In 1994, the members of the National Federation of the Blind (NFB) passed a resolution calling for changes to U.S. paper currency that would allow for “identifying money by other than strictly visual means.” NFB also played a leading role in the adoption of House Resolution 122—which was introduced by Representative Baker of Louisiana and passed the House on November 8, 1997. This resolution pointed out that “most blind and visually impaired persons are … required to rely upon others to determine denominations of [U.S.] currency,” that “this constitutes a serious impediment to independence in everyday living,” and that “electronic means of bill identification will always be more fallible than purely tactile means.” Representative Baker expressly thanked the Federation for their participation in his remarks on the House floor, commenting that “I also want to express my appreciation to the … National Federation of the Blind for their technical assistance in drafting this proposal.”
In 2002, after ACB had filed its lawsuit, NFB passed a resolution expressing concern about the “adverse publicity” that the suit could create by portraying blind people as unable to handle money in its current form. Because of this concern, NFB stated its intention to oppose the lawsuit and counter any negative publicity arising from it. Also in that resolution, the Federation reversed its earlier position about the inferiority of electronic bill-reading devices, as embodied in the 1997 House Resolution (H.Res. 122) that the Federation had helped to draft, stating: “to the extent that currency identification is truly a problem for individual blind people, various technological devices capable of identifying banknotes and audibly announcing their denomination are available for sale, and in fact giving every blind person in the country such a device would be simpler and cheaper than re-engineering the nation’s cash-handling capacity.”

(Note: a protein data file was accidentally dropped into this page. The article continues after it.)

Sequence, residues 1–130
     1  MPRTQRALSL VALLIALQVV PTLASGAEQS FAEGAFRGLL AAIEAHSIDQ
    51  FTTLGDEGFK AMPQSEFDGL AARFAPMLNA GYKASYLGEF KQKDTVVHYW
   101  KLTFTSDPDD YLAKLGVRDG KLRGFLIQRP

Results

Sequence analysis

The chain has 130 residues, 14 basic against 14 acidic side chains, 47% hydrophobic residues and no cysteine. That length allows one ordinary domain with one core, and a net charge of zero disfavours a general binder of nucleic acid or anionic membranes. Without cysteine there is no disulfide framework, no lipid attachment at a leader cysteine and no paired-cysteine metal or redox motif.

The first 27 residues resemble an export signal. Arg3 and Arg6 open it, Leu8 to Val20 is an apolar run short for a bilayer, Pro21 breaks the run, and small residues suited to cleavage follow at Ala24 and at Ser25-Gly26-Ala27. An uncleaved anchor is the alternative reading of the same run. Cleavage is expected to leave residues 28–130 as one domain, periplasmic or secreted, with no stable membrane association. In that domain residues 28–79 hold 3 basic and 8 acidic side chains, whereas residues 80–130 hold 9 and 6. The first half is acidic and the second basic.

NFB repeated many of these arguments in the wake of Judge Robertson’s ruling, adding in a November 29 press release that the decision had placed “a roadblock in the way of solving the real problem, which is the seventy percent unemployment rate among working-age blind Americans.”